Election Commission withdraws show cause notice to Rahul Gandhi for alleged violation of the Model Code of Conduct

18 December 2017, 12:02 AM
Congress Vice-President Rahul Gandhi addresses a party rally at Dakor in Kheda district of Gujarat  (Source: IANS)
Congress Vice-President Rahul Gandhi addresses a party rally at Dakor in Kheda district of Gujarat (Source: IANS)

The Election Commission tonight withdrew its show cause notice to Congress leader Rahul Gandhi for alleged violation of the Model Code of Conduct, saying the provision under which it was issued is now under review.

“The Commission is of the considered view that due to multi-fold expansion of digital and electronic media, the extant Model Code of Conduct, Section 126 of the RP Act, 1951, and other related provisions require revisiting to cater to the requirement and challenges of the present and emerging situations,” it said while withdrawing the notice.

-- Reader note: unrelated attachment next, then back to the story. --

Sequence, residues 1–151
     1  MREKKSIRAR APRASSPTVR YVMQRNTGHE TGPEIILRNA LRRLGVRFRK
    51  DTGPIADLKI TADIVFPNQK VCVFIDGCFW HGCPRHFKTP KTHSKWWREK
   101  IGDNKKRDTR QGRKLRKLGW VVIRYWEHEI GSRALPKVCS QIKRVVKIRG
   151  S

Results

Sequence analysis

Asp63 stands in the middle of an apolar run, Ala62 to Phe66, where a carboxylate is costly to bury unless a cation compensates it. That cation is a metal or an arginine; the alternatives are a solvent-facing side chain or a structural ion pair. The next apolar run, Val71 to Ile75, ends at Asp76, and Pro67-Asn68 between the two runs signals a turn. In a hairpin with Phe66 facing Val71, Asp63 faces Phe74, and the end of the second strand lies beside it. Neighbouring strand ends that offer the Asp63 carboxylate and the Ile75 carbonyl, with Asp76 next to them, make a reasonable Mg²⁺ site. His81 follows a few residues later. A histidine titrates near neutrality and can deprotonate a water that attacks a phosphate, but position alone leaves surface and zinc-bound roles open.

The poll body also decided to set up a panel to suggest amendments to a provision in the election law barring campaigning 48 hours ahead of polling, following complaints that it has failed to keep pace with information technology.

In an order issued tonight, it said the proposed committee will have members from the poll panel, the information and broadcasting, law and IT ministries, in addition to those from the National Broadcasters Associations (NBA) and the Press Council of India (PCI).

The order comes in the wake of controversies over Prime Minister Narendra Modi’s FICCI meeting, Rahul Gandhi’s TV interviews and the release of BJP manifesto in Gujarat—all after campaigning had ended in the state.

The poll body had on December 13 issued the show cause notice to Rahul Gandhi for “prima facie” violating the provisions of the election law and the model code by giving interviews to TV channels in Gujarat.

The panel will “examine these provisions in the prevailing context of communication technologies and suggest required changes”, it said.

The commission accepted that Section 126 of the Representation of the People Act does not take into account the revolution in communication technology.

“It appears imperative to revisit the provisions relating to the last 48 hours before completion of poll to appropriately address challenges unleashed by fast changing technologies in the context of multi-phase polls,” the commission said.

First Published: Sunday, December 17, 2017 11:41 PM

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